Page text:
A channel may already be established between the transceivers 14 and 24 when the need arises to establish the channel between transceivers 12 and 22. Alternatively a channel might not already be established between the transceivers 14 and 24 when the need arises to establish the channel between transceivers 12 and 22. In the latter case, a channel may be established between the transceivers 14 and 24 in response to the need to establish the channel between transceivers 12 and 22. The channel between transceivers 14 and 24 may then be dropped once the information needed to assist the acquisition of the channel between transceivers 12 and 22 has been passed. Provided the transceivers 14 and 24 operate according to a protocol that permits more efficient channel acquisition than the one according to which transceivers 12 and 22 operate (as will be discussed in more detail below), this would allow the establishment of the channel between transceivers 12 and 22 to be made more efficient irrespective of the pre-existing conditions. Alternatively that information could be passed only if there is a pre-existing channel between transceivers 14 and 24. A third alternative is that if there is no pre-existing channel between transceivers 14 and 24 the devices initially attempt to acquire a channel between transceivers 12 and 22 by normal means, i.e. without use by both devices of the information that would otherwise be shared between them. Subsequently, if that initial attempt had not succeeded after a pre-set period of time a channel would be established between transceivers 14 and 24 and the information would be transferred and used as described above. This may be useful if the devices had previously communicated on one or more channels, had stored information defining one or more of those channels and may have remained in operation on one of those channels.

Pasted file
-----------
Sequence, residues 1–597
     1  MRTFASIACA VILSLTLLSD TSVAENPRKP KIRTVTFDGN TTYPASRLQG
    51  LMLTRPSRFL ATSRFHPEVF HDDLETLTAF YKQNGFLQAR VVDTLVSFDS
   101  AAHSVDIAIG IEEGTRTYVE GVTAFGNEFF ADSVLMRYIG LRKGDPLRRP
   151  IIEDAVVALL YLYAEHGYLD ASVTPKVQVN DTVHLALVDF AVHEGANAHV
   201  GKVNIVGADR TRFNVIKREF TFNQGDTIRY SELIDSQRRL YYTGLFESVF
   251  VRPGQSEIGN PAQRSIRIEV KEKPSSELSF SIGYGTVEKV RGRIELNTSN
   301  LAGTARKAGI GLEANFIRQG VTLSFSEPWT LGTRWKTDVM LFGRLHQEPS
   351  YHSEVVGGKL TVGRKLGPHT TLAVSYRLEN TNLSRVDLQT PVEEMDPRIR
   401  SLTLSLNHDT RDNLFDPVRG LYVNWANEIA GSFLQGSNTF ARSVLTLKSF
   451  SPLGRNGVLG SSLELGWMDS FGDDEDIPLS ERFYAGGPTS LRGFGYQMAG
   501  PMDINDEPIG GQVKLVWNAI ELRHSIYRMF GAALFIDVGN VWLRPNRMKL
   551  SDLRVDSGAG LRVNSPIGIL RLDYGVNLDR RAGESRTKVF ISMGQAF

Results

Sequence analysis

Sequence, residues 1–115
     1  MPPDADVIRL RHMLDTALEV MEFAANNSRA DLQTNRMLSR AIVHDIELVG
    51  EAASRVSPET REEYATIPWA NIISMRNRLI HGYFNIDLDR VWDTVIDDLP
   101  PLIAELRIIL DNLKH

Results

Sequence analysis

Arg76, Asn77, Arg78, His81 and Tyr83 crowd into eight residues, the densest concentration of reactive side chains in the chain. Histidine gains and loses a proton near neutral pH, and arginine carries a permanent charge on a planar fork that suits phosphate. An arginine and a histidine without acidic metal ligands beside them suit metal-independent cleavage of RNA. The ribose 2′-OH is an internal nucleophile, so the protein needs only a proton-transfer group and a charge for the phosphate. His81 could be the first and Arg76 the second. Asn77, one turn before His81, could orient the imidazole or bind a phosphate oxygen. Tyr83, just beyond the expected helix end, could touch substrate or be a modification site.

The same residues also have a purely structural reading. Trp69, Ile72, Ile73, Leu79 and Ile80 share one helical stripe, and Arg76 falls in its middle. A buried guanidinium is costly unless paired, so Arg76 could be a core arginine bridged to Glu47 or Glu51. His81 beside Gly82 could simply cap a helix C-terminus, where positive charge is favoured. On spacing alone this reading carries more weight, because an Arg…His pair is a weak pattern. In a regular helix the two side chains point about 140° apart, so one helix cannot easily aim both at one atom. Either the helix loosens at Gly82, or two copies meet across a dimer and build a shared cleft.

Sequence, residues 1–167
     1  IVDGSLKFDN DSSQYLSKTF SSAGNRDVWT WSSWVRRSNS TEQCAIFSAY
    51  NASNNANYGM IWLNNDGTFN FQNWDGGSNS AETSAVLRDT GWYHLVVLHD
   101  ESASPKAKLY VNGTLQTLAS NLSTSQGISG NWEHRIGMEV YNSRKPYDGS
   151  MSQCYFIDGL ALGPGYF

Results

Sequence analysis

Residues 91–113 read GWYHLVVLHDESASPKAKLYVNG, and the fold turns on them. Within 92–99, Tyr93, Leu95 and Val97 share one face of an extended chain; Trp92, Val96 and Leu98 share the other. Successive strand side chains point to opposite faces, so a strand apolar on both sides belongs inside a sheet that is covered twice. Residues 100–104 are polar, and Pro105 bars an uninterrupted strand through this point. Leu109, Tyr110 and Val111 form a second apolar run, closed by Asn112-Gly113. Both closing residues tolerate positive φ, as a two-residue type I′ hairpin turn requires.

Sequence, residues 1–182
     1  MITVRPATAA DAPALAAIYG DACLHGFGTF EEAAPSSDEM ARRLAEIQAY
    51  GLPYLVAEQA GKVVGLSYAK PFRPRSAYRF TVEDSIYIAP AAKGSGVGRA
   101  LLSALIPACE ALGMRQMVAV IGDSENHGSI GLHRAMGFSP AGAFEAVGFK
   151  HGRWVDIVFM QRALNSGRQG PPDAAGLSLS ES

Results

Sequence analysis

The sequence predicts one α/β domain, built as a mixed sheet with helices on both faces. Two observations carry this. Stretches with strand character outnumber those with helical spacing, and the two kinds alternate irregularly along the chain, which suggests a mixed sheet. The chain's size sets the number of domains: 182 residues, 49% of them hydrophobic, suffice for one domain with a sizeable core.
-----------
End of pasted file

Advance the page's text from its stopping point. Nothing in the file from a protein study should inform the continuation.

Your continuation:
In a practical implementation the first and second transceivers of each device could be integrated into a single hardware unit, for instance on a common integrated circuit.